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Discussion Starter #1 (Edited)
Long story short, there's this location I'm in the process of setting up. I realized that there's a big pine tree that faces northeast, and pretty much blocks the sun until, I don't know exactly what time - but it's definitely shady in there for a while. I'd say the tree is 50 feet tall, and like 30 feet away from the apiary.

So how important is that early morning sun? From the looks of it, there's a that pine tree blocking the northeast, and then a smaller one blocking the late afternoon sun.

I'd estimate the site would get maybe 8 if I'm being too optimistic.

Thoughts?
 

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That early morning light, and appropriate temperature, gets my hives going in the morning - just like necessary coffee.
 

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It has a huge impact on when they will fly in the winter and in cooler temperatures. It doesn't make that much of a difference when it gets warm out except for the time of day that the orientation flights occur. I have more than one observation hive in my house. The OH with entrance that faces South flies at the same time as my Langstroths during the winter. The OH with entrance facing West doesn't fly until the sun hits it late in the day during the winter. The rest of the year they all fly early in the day except for orientation flights which happen when the sun hits the particular entrance.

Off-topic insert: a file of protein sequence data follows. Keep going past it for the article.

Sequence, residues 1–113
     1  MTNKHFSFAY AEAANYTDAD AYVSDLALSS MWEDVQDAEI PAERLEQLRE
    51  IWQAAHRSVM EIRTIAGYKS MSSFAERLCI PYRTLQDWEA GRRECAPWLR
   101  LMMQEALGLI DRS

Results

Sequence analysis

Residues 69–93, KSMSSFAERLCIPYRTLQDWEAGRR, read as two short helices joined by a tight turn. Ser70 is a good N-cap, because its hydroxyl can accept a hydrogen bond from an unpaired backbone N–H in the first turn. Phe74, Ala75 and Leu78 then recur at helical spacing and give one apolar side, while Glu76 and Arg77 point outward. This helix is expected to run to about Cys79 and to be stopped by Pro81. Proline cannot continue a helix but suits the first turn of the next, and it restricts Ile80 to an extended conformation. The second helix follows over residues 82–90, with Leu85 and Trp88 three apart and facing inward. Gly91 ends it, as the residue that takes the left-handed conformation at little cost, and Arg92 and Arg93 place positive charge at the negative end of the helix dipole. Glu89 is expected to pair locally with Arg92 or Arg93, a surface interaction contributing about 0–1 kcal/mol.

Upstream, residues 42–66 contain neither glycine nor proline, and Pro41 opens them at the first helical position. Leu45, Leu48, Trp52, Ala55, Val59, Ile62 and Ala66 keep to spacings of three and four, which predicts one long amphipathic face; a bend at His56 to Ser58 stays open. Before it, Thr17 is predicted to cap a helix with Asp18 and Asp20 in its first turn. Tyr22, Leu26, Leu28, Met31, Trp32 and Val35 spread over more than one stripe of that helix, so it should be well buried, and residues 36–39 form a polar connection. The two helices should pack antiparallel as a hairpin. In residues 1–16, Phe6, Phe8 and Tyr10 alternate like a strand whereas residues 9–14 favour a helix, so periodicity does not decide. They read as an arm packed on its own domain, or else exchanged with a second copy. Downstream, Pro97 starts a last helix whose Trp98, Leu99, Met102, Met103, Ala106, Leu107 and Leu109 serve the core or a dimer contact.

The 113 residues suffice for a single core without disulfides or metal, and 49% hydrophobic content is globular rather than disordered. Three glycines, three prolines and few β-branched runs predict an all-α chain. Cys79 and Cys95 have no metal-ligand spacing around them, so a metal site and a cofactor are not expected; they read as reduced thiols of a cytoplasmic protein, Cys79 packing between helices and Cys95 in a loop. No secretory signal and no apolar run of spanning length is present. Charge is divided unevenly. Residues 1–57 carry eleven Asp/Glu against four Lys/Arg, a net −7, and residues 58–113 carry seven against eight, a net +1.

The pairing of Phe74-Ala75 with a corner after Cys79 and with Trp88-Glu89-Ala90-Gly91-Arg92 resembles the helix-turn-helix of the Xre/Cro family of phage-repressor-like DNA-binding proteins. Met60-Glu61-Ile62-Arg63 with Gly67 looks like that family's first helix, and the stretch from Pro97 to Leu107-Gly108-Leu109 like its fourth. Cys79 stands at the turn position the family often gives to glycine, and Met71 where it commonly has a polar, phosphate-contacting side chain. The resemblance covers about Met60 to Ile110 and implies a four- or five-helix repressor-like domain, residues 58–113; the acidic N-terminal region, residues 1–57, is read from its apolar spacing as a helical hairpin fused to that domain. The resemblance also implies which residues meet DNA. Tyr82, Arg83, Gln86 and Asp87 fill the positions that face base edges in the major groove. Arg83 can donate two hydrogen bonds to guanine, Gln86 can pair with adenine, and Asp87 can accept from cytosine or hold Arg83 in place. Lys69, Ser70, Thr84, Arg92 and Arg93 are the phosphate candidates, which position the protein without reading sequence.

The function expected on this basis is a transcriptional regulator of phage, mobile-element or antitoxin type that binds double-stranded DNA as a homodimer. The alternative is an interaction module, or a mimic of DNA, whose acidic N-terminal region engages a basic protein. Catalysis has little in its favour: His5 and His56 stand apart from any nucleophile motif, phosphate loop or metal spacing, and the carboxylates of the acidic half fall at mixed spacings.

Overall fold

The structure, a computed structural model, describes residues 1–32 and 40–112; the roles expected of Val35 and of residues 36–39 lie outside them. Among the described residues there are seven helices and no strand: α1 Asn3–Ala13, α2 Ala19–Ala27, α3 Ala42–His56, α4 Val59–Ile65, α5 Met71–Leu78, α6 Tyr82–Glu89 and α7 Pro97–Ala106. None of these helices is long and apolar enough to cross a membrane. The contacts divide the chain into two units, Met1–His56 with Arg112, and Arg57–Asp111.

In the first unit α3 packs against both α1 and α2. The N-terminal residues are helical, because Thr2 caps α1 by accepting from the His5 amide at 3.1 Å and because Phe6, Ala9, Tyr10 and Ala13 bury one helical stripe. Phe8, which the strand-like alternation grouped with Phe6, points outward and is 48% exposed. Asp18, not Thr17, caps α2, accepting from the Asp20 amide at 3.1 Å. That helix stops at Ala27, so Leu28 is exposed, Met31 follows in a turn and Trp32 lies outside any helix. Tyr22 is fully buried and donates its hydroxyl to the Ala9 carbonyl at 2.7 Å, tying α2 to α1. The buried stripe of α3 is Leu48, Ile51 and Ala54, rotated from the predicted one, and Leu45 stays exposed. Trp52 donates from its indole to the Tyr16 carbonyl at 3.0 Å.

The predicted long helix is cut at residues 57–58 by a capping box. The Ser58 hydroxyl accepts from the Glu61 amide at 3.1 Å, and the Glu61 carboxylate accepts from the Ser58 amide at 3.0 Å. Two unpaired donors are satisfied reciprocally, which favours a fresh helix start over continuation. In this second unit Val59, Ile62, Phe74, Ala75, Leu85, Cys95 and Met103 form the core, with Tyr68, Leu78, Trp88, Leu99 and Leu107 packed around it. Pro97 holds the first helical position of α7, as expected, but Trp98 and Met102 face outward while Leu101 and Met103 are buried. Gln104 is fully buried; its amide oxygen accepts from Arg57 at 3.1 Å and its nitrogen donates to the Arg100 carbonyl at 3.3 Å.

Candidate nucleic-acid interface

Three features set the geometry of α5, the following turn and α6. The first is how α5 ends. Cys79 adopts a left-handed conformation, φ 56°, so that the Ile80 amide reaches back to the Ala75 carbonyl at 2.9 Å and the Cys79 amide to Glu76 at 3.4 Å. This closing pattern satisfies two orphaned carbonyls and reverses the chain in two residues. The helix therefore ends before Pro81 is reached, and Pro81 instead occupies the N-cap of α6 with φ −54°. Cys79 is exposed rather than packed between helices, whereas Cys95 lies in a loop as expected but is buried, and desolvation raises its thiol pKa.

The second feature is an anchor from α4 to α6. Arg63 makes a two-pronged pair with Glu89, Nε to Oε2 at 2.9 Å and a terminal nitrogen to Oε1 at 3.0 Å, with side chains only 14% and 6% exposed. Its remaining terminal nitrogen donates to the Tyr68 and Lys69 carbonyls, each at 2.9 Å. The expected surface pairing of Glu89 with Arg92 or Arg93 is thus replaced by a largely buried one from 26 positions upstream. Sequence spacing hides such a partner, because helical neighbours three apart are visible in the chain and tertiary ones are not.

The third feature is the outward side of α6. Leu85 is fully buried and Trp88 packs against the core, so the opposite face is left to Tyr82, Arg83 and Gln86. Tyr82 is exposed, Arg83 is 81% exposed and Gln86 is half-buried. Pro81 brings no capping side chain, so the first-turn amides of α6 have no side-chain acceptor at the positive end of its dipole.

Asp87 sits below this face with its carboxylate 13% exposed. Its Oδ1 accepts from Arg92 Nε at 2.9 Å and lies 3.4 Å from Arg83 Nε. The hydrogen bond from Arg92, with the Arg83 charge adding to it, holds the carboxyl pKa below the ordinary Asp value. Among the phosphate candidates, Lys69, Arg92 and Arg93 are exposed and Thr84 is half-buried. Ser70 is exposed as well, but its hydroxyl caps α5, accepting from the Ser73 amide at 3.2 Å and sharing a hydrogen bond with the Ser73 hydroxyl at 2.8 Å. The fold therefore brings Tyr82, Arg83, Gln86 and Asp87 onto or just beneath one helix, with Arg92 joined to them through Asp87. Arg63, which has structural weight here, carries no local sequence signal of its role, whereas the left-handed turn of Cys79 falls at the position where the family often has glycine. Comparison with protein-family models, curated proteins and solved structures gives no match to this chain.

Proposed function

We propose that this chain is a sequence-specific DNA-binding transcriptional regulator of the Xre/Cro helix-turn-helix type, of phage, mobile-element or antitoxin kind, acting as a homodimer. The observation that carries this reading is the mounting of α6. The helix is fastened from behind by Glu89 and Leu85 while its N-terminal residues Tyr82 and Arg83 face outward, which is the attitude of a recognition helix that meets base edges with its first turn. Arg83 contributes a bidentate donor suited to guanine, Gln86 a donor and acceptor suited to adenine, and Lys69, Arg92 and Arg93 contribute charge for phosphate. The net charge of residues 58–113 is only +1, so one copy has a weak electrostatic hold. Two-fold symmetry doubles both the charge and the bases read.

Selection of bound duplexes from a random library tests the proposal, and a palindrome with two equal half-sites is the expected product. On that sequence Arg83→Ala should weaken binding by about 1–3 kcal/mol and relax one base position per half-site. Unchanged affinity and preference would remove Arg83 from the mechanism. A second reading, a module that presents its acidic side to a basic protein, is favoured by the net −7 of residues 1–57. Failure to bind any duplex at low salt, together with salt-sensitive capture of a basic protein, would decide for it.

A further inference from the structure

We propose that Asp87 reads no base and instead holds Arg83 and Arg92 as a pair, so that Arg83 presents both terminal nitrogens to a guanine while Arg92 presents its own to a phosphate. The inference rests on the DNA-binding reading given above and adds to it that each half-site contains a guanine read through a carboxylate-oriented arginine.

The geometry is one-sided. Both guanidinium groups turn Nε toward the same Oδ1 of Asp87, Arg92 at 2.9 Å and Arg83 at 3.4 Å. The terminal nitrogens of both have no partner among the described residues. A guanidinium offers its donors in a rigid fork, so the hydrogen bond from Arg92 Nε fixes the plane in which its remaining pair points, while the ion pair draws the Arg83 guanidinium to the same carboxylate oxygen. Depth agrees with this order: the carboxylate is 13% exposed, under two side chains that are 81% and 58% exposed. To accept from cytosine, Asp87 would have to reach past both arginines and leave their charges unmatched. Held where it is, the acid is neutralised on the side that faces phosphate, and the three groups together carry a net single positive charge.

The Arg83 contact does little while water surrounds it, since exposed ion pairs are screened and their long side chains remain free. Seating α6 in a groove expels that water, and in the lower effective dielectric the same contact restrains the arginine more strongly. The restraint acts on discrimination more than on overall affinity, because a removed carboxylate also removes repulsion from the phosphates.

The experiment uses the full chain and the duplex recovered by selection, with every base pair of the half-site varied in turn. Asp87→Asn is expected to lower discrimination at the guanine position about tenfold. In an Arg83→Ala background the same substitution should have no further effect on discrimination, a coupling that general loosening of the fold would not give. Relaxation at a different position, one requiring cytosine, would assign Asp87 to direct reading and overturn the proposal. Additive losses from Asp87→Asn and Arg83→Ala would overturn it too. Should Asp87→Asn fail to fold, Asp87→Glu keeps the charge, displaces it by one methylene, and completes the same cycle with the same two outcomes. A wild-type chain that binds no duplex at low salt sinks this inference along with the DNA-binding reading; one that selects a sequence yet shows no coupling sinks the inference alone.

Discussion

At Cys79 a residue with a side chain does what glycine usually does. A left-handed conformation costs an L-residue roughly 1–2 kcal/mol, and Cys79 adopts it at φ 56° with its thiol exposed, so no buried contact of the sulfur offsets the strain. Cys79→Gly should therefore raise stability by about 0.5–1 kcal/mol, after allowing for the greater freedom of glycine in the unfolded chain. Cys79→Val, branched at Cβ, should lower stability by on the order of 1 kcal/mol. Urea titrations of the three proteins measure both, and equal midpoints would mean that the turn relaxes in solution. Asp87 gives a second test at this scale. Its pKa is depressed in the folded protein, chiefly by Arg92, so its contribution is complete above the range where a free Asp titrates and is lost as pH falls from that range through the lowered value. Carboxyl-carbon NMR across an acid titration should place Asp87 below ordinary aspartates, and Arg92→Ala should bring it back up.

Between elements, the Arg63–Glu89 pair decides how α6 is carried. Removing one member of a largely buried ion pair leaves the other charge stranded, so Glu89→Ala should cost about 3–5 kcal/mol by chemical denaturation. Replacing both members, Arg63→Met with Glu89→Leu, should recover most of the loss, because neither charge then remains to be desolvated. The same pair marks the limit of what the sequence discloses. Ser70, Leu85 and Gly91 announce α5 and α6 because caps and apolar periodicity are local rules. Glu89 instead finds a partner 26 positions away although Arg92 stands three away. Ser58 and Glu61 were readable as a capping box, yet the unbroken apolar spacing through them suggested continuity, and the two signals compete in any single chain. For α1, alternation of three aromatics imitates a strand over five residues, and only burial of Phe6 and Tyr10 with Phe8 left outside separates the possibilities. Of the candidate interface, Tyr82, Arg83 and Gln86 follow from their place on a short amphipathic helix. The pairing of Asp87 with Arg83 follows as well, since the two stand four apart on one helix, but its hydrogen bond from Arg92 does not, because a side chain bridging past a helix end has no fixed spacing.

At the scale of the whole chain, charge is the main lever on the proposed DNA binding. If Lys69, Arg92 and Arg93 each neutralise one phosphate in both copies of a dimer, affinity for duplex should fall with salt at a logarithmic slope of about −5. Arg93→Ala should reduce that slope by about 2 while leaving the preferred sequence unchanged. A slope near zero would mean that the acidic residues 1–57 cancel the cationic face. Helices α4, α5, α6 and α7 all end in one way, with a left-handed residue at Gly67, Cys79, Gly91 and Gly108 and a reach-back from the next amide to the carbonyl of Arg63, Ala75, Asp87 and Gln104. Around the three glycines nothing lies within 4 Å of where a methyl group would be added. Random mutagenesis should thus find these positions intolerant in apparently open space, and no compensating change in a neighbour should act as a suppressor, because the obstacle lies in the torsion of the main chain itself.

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BIG.
my home apiary misses out on the first 3 hours of light each day due to being on the north side of the mountain. last year i started branching out and setting up apiaries that get early sun. i cannot keep up with them this spring, they are exploding right now. my home hives i am accustomed to their spring growth and they are lagging with the same management as the out apiaries in the sun.
 

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For several years I’ve kept a hive outside my studio so I can watch while I work. It’s on a deck facing east, under a large ash tree: not much direct sun. My other hives are in back with a full southern exposure.

I have a heck of a time keeping the studio bees healthy. They just get puny, despite being treated at least as well as all the others. They’re usually a swarm and do fine in mid summer, but don’t build up as fast, don’t winter as well, don’t make much honey, etc. They usually die out. Fun to watch, though.


Yours, Megan
 

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The old timer that taught me bees (RIP) always mentioned getting that first light in the morning. Since then, I have always looked for a sunrise location. I guess bees are like any other creature...the warmth of the sun gives life.
 
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